Teacher: “And after the revolution?”
Student: “Now our government has taken a big step forward.”
Change has been slow in coming. After retiring in 2008, Fidel hovered over Cuba as an éminence grise, second-guessing his younger brother’s decisions. While Fidel grudgingly went along with Raúl’s cautious economic reforms, he had little to say about rapprochement other than that he didn’t trust the U.S. Now that his big brother is gone, will Raúl feel freer to liberalize the Cuban economy and accelerate normalization? If so, time is running out. The eighty-five-year-old revolutionary has said he will retire in 2018. His designated successor, First Vice President Miguel Díaz-Canel Bermúdez, is a dour Marxist apparatchik with questionable political staying power. For the first time since the 1959 revolution, Cuba will not be led by a Castro. How will the U.S. deal with it?
Trump has issued conflicting signals. He told CNN earlier this year that he would “probably” maintain diplomatic relations with Cuba, but added vaguely that he would insist on “much better deals than we’re making.” But he took a tougher line in a campaign stop in Miami several weeks ago, saying, “All of the concessions Barack Obama has granted the Castro regime were done through executive order, which means the next president can reverse them, and that I will do unless the Castro regime meets our demands.” Vice President–elect Mike Pence repeated that position on Twitter, asserting that Trump would rescind President Obama’s executive orders without “real political and religious freedom” in Cuba.
With the news of Fidel’s death, Trump issued a statement denouncing his legacy “of firing squads, theft, unimaginable suffering, poverty and the denial of fundamental human rights.” That tough talk caters to the anti-Castro political right, which includes many, mainly older, Cuban Americans. Polls show, however, that a large majority of Americans and now most Cuban Americans favor normalization.
So does the U.S. business community. According to the U.S. Agriculture Coalition for Cuba (USACC), Cuba, which imports 80 percent of its food, is a $1.7 billion market for agricultural products. Last year, the U.S. Commerce Department issued approvals for business transactions worth $4.3 billion, up by a third from the previous year. Tourism will doubtless surge in the years ahead regardless of the fifty-six-year-old official ban that is still in place. Remittances from the United States, estimated at $3 billion for 2015, play a significant role in Cuba’s state-controlled economy.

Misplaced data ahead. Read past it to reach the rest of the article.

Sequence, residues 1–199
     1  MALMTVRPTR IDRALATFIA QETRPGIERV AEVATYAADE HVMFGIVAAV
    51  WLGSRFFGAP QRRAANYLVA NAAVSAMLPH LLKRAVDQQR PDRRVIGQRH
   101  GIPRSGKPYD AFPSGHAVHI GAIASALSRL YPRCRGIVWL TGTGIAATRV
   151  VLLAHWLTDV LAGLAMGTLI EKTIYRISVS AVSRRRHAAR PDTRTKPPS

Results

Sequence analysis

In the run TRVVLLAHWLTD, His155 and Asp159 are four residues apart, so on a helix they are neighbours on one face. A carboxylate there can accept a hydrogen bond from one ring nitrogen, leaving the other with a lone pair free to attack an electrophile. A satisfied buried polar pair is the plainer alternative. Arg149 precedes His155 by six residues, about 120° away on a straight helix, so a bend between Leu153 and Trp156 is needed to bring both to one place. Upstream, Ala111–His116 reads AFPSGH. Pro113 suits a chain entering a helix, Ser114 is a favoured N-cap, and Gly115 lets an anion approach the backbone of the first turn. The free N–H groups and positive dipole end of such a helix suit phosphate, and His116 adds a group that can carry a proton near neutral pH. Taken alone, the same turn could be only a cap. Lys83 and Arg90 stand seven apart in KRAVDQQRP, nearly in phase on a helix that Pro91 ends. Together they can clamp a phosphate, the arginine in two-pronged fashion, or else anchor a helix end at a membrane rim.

USACC, whose membership includes agricultural conglomerates Cargill, Smithfield Foods, and Sun-Maid, is devoting serious money to lobby Congress to lift the embargo and fully normalize relations. So is the U.S. Chamber of Commerce. The Cuba Opportunity Summit will hold its third convention next spring at NASDAQ headquarters to explore expanded business opportunities with Cuba. Tickets go for between $995 and $1,695, and interest in the first two conventions was so strong that applicants had to be waitlisted.
How will Trump respond to this kind of commercial momentum? Will we see the pro–tourism development, hotel-building Trump, or the right-wing appeaser Trump? American leverage can be a carrot or a stick. The latter approach was pursued by ten presidents, starting with Dwight Eisenhower, and accomplished little more than allowing the Castros to use the U.S. as a scapegoat for Cuba’s mismanaged economy. The former approach, however, enables the U.S. to gain leverage by being involved with Cuban society at multiple levels, ranging from trade and investment to cooperation on migration and law enforcement to people-to-people contacts. It was easier for Havana to thumb its nose at American interests when there was near-zero U.S. economic and commercial involvement in the island. Major American involvement in Cuba’s economy, in particular, will deepen Cuba’s integration into the global economy, raising the stakes for both sides and tempering political relations. The Trump administration needs to realize that allowing Cuba policy to be haunted by Fidel Castro’s ghost is a bad idea. American business interests will resist it, and both the Cuban and American people deserve better.